Cover: Household Production of Health

Household Production of Health

A Microeconomic Perspective on Health Transitions

Published 1990

by Julie DaVanzo, Paul Gertler

Download

Download eBook for Free

FormatFile SizeNotes
PDF file 1.4 MB

Use Adobe Acrobat Reader version 10 or higher for the best experience.

Purchase

Purchase Print Copy

 Format Price
Add to Cart Paperback37 pages $20.00

Over the past 20 years, advances in medical technology have not led to desired health improvements in the Third World. Governments may import and distribute medical technologies widely, but the effectiveness of these technologies will depend on how people respond to them. If such programs are to be effective, planners and practitioners must know what governs families' decisions to seek care and engage in health-improving behaviors. In other words, they need to understand and accommodate behavioral and sociocultural influences on health. This Note argues that behavioral research can inform health policy on three dimensions: (1) how behavioral choices affect health status, (2) what determines these choices, and (3) how policymakers can influence these choices. It shows that economic theory — especially the theory of the household production of health — provides a useful framework for analyzing these three dimensions. In particular, the framework provides a theoretical organizing structure for policy analysis and has important implications for data collection, for the empirical specification of models of behavioral choices, and for the statistical analysis.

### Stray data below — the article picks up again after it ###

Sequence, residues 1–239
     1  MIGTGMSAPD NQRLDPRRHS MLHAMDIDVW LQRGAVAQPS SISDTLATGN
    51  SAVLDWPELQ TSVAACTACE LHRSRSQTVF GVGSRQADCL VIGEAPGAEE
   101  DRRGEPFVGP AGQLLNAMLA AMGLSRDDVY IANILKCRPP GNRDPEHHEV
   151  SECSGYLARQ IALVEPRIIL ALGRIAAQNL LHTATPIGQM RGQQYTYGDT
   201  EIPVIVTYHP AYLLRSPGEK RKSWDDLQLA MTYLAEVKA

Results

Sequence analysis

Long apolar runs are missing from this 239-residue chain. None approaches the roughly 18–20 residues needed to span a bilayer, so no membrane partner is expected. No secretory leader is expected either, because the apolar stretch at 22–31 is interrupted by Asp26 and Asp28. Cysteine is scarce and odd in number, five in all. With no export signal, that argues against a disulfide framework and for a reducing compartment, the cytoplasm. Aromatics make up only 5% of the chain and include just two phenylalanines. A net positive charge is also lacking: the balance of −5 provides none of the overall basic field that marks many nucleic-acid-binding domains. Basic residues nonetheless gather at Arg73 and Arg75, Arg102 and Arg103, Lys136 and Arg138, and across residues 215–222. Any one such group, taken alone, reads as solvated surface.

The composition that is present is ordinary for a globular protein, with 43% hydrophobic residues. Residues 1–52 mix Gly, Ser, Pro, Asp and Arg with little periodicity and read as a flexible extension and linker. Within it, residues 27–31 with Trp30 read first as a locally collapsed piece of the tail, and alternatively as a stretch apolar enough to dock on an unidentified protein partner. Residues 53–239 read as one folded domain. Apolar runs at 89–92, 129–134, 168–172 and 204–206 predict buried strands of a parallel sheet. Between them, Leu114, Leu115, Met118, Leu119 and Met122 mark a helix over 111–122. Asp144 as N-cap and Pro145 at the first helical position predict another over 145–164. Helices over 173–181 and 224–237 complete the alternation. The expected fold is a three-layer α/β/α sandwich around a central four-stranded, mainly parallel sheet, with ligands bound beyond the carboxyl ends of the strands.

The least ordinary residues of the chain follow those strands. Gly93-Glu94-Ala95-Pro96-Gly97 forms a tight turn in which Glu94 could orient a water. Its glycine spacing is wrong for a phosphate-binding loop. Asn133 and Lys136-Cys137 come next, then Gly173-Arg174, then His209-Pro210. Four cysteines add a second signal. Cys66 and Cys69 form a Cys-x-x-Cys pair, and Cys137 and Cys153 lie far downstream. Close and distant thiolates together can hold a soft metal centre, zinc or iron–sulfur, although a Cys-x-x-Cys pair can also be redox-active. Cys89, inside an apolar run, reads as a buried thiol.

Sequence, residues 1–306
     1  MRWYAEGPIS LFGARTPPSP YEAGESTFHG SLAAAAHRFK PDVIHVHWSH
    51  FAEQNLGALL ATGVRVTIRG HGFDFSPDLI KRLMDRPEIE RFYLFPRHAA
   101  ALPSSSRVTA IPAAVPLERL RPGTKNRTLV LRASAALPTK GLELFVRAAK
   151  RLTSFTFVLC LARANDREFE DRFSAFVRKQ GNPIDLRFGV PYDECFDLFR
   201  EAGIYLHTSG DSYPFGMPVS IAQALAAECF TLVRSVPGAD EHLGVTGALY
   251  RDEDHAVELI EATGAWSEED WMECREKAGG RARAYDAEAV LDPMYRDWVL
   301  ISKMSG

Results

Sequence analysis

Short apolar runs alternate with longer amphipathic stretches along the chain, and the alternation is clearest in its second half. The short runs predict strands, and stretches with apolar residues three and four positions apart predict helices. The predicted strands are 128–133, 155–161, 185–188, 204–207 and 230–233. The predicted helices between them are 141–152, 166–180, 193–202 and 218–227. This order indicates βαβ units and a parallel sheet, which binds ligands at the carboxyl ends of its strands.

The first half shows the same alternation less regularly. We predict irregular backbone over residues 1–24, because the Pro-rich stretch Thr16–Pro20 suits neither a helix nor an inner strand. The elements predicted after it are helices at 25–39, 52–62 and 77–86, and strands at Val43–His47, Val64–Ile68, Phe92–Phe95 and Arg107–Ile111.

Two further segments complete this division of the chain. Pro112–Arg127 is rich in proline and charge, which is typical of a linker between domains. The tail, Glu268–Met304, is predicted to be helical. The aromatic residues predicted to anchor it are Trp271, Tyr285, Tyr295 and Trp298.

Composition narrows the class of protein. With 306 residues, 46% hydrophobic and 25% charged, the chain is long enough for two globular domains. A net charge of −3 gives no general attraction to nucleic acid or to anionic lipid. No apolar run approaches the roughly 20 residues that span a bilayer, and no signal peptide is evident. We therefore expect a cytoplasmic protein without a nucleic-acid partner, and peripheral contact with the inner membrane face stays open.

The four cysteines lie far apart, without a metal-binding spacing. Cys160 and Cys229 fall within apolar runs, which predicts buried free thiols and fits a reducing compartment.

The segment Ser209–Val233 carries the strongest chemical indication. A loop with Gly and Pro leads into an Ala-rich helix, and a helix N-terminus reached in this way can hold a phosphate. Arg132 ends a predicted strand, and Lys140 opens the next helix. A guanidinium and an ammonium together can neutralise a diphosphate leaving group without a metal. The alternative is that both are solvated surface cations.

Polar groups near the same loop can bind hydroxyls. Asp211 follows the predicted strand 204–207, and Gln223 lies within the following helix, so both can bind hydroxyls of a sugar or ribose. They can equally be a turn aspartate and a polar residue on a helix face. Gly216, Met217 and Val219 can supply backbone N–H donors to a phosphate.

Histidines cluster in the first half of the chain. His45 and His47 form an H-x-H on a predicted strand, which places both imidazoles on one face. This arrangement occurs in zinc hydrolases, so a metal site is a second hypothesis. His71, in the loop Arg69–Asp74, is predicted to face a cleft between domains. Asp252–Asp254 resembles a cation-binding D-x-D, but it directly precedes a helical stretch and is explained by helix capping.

This report is part of the RAND note series. The note was a product of RAND from 1979 to 1993 that reported other outputs of sponsored research for general distribution.

This research in the public interest was supported by RAND, using discretionary funds made possible by the generosity of RAND's donors, the fees earned on client-funded research, and independent research and development (IR&D) funds provided by the Department of Defense.

This document and trademark(s) contained herein are protected by law. This representation of RAND intellectual property is provided for noncommercial use only. Unauthorized posting of this publication online is prohibited; linking directly to this product page is encouraged. Permission is required from RAND to reproduce, or reuse in another form, any of its research documents for commercial purposes. For information on reprint and reuse permissions, please visit www.rand.org/pubs/permissions.

RAND is a nonprofit institution that helps improve policy and decisionmaking through research and analysis. RAND's publications do not necessarily reflect the opinions of its research clients and sponsors.